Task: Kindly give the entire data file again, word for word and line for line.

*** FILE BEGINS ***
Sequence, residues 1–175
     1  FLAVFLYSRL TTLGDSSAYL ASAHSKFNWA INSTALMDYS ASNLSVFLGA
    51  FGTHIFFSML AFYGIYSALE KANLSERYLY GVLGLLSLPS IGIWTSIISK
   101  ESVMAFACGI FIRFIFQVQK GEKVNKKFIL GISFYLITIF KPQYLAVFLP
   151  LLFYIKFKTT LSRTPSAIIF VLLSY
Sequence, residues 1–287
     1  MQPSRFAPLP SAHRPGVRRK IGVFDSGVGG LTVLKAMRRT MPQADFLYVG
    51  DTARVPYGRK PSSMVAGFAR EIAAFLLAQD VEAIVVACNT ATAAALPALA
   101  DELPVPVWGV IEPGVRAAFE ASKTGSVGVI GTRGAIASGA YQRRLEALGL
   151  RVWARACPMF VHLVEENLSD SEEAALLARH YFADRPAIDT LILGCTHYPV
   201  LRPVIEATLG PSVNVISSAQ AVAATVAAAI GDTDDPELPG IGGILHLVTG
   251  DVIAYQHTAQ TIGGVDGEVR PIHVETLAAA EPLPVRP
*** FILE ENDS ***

Sequence, residues 1–175
     1  FLAVFLYSRL TTLGDSSAYL ASAHSKFNWA INSTALMDYS ASNLSVFLGA
    51  FGTHIFFSML AFYGIYSALE KANLSERYLY GVLGLLSLPS IGIWTSIISK
   101  ESVMAFACGI FIRFIFQVQK GEKVNKKFIL GISFYLITIF KPQYLAVFLP
   151  LLFYIKFKTT LSRTPSAIIF VLLSY
Sequence, residues 1–287
     1  MQPSRFAPLP SAHRPGVRRK IGVFDSGVGG LTVLKAMRRT MPQADFLYVG
    51  DTARVPYGRK PSSMVAGFAR EIAAFLLAQD VEAIVVACNT ATAAALPALA
   101  DELPVPVWGV IEPGVRAAFE ASKTGSVGVI GTRGAIASGA YQRRLEALGL
   151  RVWARACPMF VHLVEENLSD SEEAALLARH YFADRPAIDT LILGCTHYPV
   201  LRPVIEATLG PSVNVISSAQ AVAATVAAAI GDTDDPELPG IGGILHLVTG
   251  DVIAYQHTAQ TIGGVDGEVR PIHVETLAAA EPLPVRP